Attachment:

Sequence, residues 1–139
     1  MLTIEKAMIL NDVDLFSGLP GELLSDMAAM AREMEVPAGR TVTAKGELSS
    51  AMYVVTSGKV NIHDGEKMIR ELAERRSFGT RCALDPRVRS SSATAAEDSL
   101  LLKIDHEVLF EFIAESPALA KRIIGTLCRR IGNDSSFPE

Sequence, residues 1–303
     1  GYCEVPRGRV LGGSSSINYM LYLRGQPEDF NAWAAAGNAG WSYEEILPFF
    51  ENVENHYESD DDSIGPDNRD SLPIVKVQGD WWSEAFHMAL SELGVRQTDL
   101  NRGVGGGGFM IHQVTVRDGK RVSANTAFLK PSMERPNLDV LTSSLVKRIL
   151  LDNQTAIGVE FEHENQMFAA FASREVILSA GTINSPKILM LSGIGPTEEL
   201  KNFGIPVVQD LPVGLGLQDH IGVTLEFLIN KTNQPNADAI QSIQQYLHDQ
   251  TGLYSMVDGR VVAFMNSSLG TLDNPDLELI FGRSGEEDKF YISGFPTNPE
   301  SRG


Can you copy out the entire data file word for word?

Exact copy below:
Sequence, residues 1–139
     1  MLTIEKAMIL NDVDLFSGLP GELLSDMAAM AREMEVPAGR TVTAKGELSS
    51  AMYVVTSGKV NIHDGEKMIR ELAERRSFGT RCALDPRVRS SSATAAEDSL
   101  LLKIDHEVLF EFIAESPALA KRIIGTLCRR IGNDSSFPE

Sequence, residues 1–303
     1  GYCEVPRGRV LGGSSSINYM LYLRGQPEDF NAWAAAGNAG WSYEEILPFF
    51  ENVENHYESD DDSIGPDNRD SLPIVKVQGD WWSEAFHMAL SELGVRQTDL
   101  NRGVGGGGFM IHQVTVRDGK RVSANTAFLK PSMERPNLDV LTSSLVKRIL
   151  LDNQTAIGVE FEHENQMFAA FASREVILSA GTINSPKILM LSGIGPTEEL
   201  KNFGIPVVQD LPVGLGLQDH IGVTLEFLIN KTNQPNADAI QSIQQYLHDQ
   251  TGLYSMVDGR VVAFMNSSLG TLDNPDLELI FGRSGEEDKF YISGFPTNPE
   301  SRG